Everyone who has experience with mental illness also has experience with self-
medication. They go hand in hand, whether we want them to or not. Sometimes we
intentionally self-medicate, and sometimes we don’t realize what we’re actually doing until
something gives us a wake-up call.
Self-medicating can be a wonderfully positive thing. I’d venture to say that most of the
exercise I’ve gotten in my life has been a form of self-medication. My anxiety can drive me to
be healthier, spend more time with friends, and dedicate myself even more to my work. But
some forms of self-care that start out totally benign don’t end that way, and it’s almost never
clear where the line really is.
My own form of self-medication mostly took the form of marijuana use (abuse?). I
started off smoking socially in college, getting stoned with my friends and gorging ourselves on junk food late at night, or listening to our favorite music. I never felt my marijuana use got in the way of anything, or really had any negative effects at all. Honestly, those are some of my best memories of undergrad. We smoked every night, and we had a blast. I was surrounded by friends, never lonely, never forced to deal with the real world.
In grad school, instead of living in a dorm with all my friends, I lived in an apartment
with one close friend. I continued smoking weed every day, usually at night, and usually by
The first time I thought that my relationship with weed was potentially unhealthy was
when I started dating someone who not only didn’t smoke, but didn’t want me to either. At
first, I thought it wouldn’t be an issue. I tried to stop smoking. But I found that I missed it
dearly, thought about it a lot, and had enormous difficulty sleeping if I wasn’t stoned. I began
smoking in secret, not telling her.
When the relationship ended, I started up my old smoking habits. But I had learned
something from not smoking: when I didn’t get stoned at night, I felt really lonely and anxious. Being alone with my sober brain was not fun. Smoking somehow made me forget about that – it made the inside of my own brain so entertaining that I was totally distracted from my bad feelings.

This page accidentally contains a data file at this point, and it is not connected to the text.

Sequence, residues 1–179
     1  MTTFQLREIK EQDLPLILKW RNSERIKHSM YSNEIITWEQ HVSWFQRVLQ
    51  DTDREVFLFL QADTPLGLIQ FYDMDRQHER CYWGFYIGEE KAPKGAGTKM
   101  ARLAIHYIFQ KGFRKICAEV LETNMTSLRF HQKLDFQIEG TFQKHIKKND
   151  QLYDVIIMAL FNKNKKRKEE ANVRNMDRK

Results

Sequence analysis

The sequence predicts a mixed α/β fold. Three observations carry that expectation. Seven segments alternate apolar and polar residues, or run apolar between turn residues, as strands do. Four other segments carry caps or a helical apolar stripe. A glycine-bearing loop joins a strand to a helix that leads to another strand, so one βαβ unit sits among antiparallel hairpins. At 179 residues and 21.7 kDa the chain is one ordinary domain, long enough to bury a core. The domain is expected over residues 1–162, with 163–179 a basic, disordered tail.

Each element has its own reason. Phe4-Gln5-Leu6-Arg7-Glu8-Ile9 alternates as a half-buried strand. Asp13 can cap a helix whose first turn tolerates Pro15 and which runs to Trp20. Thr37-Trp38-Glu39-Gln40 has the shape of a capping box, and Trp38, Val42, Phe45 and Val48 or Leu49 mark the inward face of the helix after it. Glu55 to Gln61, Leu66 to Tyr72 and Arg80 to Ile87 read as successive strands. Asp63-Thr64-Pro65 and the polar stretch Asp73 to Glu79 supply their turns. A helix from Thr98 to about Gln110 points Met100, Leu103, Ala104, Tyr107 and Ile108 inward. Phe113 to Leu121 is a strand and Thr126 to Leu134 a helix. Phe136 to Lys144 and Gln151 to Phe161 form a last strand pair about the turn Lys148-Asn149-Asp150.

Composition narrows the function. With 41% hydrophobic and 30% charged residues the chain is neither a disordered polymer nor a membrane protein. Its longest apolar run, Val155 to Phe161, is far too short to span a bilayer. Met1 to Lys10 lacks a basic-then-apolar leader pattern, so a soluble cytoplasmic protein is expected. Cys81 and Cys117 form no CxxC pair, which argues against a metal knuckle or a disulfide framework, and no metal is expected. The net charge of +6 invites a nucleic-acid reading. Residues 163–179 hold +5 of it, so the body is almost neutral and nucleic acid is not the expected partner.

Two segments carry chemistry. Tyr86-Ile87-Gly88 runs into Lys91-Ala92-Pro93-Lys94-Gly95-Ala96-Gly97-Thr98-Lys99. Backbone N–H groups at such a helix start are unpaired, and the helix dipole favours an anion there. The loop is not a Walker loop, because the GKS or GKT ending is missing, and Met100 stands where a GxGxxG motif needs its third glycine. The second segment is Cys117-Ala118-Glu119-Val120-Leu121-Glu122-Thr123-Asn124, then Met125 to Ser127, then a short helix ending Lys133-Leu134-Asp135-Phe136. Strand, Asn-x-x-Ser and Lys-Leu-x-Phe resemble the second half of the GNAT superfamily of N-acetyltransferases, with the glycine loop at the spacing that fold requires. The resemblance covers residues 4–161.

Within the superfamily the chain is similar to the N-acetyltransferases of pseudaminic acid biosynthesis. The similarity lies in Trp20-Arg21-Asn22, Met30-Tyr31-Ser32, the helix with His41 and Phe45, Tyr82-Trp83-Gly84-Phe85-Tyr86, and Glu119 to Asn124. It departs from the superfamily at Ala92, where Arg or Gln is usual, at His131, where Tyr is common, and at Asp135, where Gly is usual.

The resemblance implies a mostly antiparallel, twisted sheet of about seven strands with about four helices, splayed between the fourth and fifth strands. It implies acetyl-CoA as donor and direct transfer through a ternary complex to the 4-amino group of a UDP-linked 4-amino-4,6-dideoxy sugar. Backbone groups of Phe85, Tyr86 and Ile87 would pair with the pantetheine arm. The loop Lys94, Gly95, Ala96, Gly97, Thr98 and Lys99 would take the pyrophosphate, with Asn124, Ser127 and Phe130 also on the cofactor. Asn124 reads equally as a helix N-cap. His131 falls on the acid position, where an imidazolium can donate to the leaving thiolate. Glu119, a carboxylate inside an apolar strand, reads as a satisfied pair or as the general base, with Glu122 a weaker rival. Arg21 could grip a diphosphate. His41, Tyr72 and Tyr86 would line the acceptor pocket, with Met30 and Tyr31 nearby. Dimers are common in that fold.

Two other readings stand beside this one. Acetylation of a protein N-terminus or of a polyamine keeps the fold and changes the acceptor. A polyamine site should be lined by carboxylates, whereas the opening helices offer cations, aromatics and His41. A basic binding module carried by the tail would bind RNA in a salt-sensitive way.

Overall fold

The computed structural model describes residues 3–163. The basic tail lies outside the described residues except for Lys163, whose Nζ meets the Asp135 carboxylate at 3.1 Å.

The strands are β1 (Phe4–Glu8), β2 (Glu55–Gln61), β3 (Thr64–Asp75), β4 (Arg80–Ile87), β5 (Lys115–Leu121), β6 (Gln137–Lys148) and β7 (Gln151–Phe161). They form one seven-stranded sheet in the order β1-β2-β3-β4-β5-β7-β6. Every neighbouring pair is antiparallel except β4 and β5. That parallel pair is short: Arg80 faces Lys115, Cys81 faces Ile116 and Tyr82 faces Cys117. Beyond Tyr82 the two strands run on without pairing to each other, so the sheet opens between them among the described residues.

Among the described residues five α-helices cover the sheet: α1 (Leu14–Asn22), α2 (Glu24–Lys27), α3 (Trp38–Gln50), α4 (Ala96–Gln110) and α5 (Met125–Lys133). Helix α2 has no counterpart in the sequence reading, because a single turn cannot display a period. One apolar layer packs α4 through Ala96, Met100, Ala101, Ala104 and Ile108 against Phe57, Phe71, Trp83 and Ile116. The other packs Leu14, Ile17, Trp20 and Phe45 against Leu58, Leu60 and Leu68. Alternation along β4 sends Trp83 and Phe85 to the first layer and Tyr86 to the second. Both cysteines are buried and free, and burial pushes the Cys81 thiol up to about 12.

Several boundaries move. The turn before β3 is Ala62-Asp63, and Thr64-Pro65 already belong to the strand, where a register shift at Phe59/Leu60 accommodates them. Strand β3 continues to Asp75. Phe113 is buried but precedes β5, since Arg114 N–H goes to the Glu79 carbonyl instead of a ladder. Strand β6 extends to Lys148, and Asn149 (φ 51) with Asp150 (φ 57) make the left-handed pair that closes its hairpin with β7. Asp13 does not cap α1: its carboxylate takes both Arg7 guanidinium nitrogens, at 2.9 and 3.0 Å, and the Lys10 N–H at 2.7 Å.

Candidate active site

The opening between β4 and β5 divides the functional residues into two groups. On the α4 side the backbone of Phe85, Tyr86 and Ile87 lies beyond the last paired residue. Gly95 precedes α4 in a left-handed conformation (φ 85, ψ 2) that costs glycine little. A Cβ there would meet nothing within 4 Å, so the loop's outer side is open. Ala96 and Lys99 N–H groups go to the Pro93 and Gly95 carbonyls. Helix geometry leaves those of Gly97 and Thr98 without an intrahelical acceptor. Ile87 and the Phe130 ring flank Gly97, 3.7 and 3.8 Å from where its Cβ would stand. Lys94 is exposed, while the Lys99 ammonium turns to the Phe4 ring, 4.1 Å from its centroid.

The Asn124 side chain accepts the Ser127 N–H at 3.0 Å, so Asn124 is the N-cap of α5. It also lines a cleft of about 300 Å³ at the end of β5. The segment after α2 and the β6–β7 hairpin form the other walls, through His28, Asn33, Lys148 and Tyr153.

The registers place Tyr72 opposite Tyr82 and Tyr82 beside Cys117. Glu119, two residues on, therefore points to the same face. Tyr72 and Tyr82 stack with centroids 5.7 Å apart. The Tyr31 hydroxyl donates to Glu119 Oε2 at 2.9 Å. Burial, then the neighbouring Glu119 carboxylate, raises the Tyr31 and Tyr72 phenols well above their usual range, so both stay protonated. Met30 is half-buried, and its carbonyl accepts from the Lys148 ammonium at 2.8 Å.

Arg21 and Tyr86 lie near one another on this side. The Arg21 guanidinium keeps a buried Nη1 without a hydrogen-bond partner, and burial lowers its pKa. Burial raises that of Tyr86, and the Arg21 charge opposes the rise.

It became clear that marijuana was a form of self-medicating, but I continued to
rationalize it. There seemed to be no clear downsides, and what was the difference between
self-medicating with weed and taking actual medication? Nothing, I thought.
But over time, my relationship with weed started to change. Instead of making me less
anxious, it started to heighten my anxiety. I would become paranoid and withdrawn, somehow craving being high when I was sober, and craving being sober when I was high. It’s such a bizarre situation to find yourself in: a perpetual state of wishing you were stoned, but never actually enjoying it when you are. And somehow that lesson never gets learned. You start to feel dread along with the craving, and a knowledge somewhere inside that you have just a little less control over the situation than you had yesterday.
My anxiety reached a point where I finally had to stop smoking – it was all just too
much. I feel really fortunate that I came to that realization before it was much harder or even
impossible to stop. I began taking actual anxiety medication, which helped enormously. More
than a year passed without smoking, but then I began to experiment with it again. I wondered if it would still make me as anxious and paranoid as it had right before I stopped. It did, but less each time. I don’t know why; maybe I was getting less sensitive to the weed. Maybe it had started to lose the meaning it used to carry.
Over time, I began to smoke semi-regularly again. Mostly with friends, and, during the
pandemic, to pass the time. It’s amazing how quickly I began to revert to old habits. Pretty soon I was back to smoking almost every day, and wishing I were smoking on the days I wasn’t. Turns out those old habits hadn’t really died. But this time, I’m going to stay ahead of it. I’m stopping now, while I’m ahead.